Heightened Blood Pressure in Adolescents – Low Sleep Quality and Duration Could Be a Cause
High blood pressure is not something which is limited to adults and older persons; in today’s world, the young ones are susceptible, too.
With high blood pressure, or hypertension, being linked to other serious diseases, such as stroke, it is definitely not something to be taken lightly. And a recent study has shown that something as simple as lack of sleep or poor sleep can raise blood pressure levels in adolescents.
Poor Sleep and Lack of Sleep Can Cause Elevated Blood Pressure in Adolescents
by Reuben Chow
Think that hypertension is a condition which strikes only adults and those more advanced in their years? Think again.
Recent research conducted at the Case Western Reserve University in Cleveland, Ohio, has suggested that lack of sleep as well as poor sleep quality can cause elevated blood pressure levels in healthy adolescents. These associations could not be explained by being overweight, socioeconomic status, sleep apnea, or known comorbidities.
About Blood Pressure, Hypertension and Prehypertension
Blood pressure is the measurement of the force of blood acting against the walls of our arteries and varies throughout the day. When blood pressure levels remain elevated over a sustained period of time, one then has “high blood pressure”, medically referred to as “hypertension”.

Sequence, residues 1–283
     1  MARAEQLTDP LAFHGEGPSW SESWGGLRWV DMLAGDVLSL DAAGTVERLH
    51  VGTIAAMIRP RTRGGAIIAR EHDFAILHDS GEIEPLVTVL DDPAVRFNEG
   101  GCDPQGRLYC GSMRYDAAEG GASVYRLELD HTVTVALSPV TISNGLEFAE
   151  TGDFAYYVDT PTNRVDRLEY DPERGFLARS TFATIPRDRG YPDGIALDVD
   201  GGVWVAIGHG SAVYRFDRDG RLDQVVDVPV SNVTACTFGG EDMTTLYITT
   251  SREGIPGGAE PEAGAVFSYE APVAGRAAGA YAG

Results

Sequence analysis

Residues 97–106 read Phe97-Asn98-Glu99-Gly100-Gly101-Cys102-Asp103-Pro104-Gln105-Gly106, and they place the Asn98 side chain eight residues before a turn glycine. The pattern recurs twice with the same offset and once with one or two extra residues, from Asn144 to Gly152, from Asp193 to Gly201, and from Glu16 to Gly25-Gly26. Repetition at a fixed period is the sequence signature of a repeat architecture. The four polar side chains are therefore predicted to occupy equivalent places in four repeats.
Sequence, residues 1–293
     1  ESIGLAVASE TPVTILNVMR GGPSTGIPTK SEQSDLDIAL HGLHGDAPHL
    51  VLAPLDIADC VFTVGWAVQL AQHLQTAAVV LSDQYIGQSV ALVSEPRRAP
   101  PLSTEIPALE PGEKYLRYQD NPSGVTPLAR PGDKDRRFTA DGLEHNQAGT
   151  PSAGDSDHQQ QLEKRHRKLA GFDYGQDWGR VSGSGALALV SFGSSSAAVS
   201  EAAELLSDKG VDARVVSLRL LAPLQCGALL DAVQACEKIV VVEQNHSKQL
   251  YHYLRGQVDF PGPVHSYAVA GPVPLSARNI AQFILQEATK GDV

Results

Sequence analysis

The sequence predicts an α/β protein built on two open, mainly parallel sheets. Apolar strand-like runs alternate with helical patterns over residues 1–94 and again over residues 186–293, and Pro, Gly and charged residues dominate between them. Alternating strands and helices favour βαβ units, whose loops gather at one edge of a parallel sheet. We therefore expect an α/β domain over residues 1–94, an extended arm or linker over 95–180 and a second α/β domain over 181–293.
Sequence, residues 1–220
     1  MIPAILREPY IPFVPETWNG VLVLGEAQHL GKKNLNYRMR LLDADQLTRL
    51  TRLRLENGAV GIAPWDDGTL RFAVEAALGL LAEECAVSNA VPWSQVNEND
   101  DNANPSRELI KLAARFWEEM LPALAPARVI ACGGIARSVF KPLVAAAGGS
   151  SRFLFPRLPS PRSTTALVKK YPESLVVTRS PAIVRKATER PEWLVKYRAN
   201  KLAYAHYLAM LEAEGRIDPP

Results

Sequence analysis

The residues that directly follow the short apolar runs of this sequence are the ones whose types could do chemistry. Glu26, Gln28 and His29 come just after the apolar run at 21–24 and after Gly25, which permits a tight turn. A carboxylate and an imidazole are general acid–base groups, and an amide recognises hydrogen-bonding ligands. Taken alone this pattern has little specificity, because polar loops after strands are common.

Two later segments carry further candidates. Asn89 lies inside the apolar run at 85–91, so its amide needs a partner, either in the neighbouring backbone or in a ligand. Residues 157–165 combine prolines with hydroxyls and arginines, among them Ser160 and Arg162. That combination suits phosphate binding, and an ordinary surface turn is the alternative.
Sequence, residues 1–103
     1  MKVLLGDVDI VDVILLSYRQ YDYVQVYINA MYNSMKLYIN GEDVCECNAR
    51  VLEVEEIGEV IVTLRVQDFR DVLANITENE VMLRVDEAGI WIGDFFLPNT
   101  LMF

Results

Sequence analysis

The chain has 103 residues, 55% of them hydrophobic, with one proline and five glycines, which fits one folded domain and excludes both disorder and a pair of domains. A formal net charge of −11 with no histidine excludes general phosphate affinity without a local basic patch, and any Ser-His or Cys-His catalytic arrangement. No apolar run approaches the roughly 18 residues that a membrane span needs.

So what’s the big deal about high blood pressure? It is potentially dangerous because it causes the heart to overwork, and also contributes to the hardening of one’s arteries. Risks of suffering heart disease and stroke – two of the top killers in the US – are thus increased. Other health conditions, for example congestive heart failure, kidney disease and blindness, can also result from hypertension.
“Prehypertension”, on the other hand, is a term used to describe the state whereby one does not have high blood pressure right now, but is likely to get it in the future. In other words, your blood pressure is high, but not quite high enough yet to qualify for an official diagnosis of hypertension. Prehypertension in adolescents was what the Case Western study looked at.
According to the American Heart Association, a whopping 73 million people in the US aged 20 and above are estimated to have high blood pressure; that is about one in every three adults. In 2004, the death rates from hypertension for every 100,000 people were 15.7 for white males, 51.0 for black males, 14.5 for white females and 40.9 for black females. In that year, high blood pressure killed 54,707 people in the US alone.
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